Chapter 11 – Building customer relations through effective marketing

Marketing
The activity, set of institutions, and processes for creating, communicating, delivering, and exchanging offerings that have value for customers, clients, partners, and society at large
Relationship marketing
The activity, set of institutions, and processes for creating, communicating, delivering, and exchanging offerings that have value for customers, clients, partners, and society at large
Exchange functions
All manufacturers, wholesalers, and retailers—buy and sell to market their merchandise.
Physical distribution functions
These functions involve the flow of goods from producers to customers.
Facilitating functions
These functions help the other functions to take place.
8 major marketing functions:
1) Buying includes obtaining raw materials to make products, knowing how much merchandise to keep on hand, and selecting suppliers
2) Selling creates possession utility by transferring the title of a product from seller to custom
3) Transporting involves selecting a mode of transport that provides an acceptable delivery schedule at an acceptable price
4) Storing goods is often necessary to sell them at the best selling time
5) Financing helps at all stages of marketing. To buy raw materials, manufacturers often borrow from banks or receive credit from suppliers. Wholesalers may be financed by manufacturers, and retailers may receive financing from the wholesaler or manufacturer. Finally, retailers often provide financing to customers
6) Standardization sets uniform specifications for products or services. Grading classifies products by size and quality, usually through a sorting process. Together, standardization and grading facilitate production, transportation, storage, and selling
7) Risk taking—even though competent management and insurance can minimize risks—is a constant reality of marketing because of such losses as bad-debt expense, obsolescence of products, theft by employees, and product-liability lawsuits
8) Gathering market information is necessary for making all marketing decisions.
Customer relationship management (CRM)
Focuses on using information about customers to create marketing strategies that develop and sustain desirable customer relationships.
Customer lifetime value (CLV)
Is a measure of a customer’s worth (sales minus costs) to a business during one’s lifetime.4 CLV also includes the intangible benefits of retaining lifetime-value customers, such as their ability to provide feedback to a company and refer new customers of similar value, but these are important considerations as well.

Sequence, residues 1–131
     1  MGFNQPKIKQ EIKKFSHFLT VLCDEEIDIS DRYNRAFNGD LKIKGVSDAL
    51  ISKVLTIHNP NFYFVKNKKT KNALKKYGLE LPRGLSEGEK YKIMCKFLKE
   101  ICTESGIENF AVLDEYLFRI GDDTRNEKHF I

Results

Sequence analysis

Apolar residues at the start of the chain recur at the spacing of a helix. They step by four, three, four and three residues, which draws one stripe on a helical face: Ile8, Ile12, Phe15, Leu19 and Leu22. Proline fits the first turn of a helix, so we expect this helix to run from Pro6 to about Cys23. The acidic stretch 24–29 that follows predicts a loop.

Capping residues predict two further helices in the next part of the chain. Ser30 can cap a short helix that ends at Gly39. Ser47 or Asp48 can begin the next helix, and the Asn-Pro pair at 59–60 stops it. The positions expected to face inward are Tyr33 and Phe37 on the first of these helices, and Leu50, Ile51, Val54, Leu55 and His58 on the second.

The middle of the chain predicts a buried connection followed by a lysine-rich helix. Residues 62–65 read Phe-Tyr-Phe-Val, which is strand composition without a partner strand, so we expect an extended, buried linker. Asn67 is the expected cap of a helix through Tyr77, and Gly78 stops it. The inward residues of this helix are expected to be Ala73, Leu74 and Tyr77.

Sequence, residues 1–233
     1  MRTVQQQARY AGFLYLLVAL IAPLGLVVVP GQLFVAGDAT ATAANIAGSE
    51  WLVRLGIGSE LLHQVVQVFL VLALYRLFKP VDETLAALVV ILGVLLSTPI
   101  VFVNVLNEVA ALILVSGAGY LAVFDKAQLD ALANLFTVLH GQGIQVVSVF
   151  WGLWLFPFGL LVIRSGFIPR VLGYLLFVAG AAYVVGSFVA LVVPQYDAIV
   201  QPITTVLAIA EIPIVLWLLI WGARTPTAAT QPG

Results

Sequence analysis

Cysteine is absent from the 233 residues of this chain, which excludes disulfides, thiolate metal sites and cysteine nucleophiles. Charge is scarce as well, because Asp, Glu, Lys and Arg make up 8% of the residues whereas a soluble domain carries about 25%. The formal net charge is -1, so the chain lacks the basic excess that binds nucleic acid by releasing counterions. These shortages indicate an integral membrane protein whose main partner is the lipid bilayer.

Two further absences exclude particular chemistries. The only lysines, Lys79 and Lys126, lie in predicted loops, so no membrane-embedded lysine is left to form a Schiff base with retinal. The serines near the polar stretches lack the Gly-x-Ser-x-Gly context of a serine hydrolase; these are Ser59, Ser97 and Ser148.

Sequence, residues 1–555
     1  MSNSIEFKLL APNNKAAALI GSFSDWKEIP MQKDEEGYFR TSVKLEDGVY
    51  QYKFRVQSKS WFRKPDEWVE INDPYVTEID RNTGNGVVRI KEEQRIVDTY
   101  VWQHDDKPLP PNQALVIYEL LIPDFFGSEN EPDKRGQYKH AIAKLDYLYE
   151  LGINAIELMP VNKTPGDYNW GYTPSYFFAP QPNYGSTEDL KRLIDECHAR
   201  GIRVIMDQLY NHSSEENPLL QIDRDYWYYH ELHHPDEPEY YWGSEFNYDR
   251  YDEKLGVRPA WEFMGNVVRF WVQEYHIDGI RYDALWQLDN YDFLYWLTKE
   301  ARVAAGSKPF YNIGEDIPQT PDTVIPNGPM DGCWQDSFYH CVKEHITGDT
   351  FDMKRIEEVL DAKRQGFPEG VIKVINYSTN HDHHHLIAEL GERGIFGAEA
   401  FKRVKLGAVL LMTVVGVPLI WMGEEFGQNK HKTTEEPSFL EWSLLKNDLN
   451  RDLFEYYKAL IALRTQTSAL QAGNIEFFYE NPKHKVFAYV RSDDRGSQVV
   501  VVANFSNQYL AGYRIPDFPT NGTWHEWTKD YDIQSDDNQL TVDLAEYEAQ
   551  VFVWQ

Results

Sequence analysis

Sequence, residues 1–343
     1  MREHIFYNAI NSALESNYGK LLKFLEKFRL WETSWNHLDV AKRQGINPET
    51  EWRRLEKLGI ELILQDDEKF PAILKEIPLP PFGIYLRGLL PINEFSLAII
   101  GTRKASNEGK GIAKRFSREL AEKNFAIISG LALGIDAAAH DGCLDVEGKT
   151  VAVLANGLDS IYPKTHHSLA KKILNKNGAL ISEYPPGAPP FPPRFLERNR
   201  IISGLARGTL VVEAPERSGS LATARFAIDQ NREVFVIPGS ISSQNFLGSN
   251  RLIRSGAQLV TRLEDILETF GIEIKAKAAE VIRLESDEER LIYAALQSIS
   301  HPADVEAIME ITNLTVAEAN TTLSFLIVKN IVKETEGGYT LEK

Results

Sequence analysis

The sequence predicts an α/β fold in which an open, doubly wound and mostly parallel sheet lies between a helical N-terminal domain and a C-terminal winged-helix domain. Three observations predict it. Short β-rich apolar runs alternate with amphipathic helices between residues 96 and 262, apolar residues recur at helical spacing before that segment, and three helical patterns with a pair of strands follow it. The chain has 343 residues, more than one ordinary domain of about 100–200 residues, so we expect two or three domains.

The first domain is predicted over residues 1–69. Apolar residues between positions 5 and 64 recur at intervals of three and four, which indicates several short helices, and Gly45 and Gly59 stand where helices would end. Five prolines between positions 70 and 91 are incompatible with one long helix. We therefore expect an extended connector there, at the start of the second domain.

Utility
The ability of a good or service to satisfy a human need.
4 types of utilities
1) Form
2) Place
3) Time
4) Possession
Form utility
Created by converting production inputs into finished products.
Place utility
Created by making a product available at a location where customers wish to purchase it
Time utility
Created by making a product available when customers wish to purchase it.
Possession utility
Created by transferring title (or ownership) of a product to a buyer. For a product as simple as a pair of shoes, ownership usually is transferred by means of a sales slip or receipt.
Marketing concept
A business philosophy that a firm should provide goods and services that satisfy customers’ needs through a coordinated set of activities that allow the firm to achieve its objectives.
Production orientation
Which places a strong emphasis on increased output and production efficiency.
Sales orientation
Characterized by increased advertising, enlarged sales forces, and, occasionally, high-pressure selling techniques.
Customer orientation
When marketers realized that the best approach was to adopt this type of orientation—in other words, the organization had to first determine what customers need and then develop goods and services to fill those particular needs
The firm must mobilize its marketing resources to:
(1) provide a product that will satisfy its customers, (2) price the product at a level that is acceptable to buyers and will yield a profit
(3) promote the product so that potential customers will be aware of its existence and its ability to satisfy their needs
(4) ensure that the product is distributed so that it is available to customers where and when it is needed
Market
A group of individuals or organizations, or both, that need products in a given category and that have the ability, willingness, and authority to purchase them.
Consumer markets
Consist of purchasers and/or household members who intend to consume or benefit from the purchased products and who do not buy products to make profits.
Business-to-business markets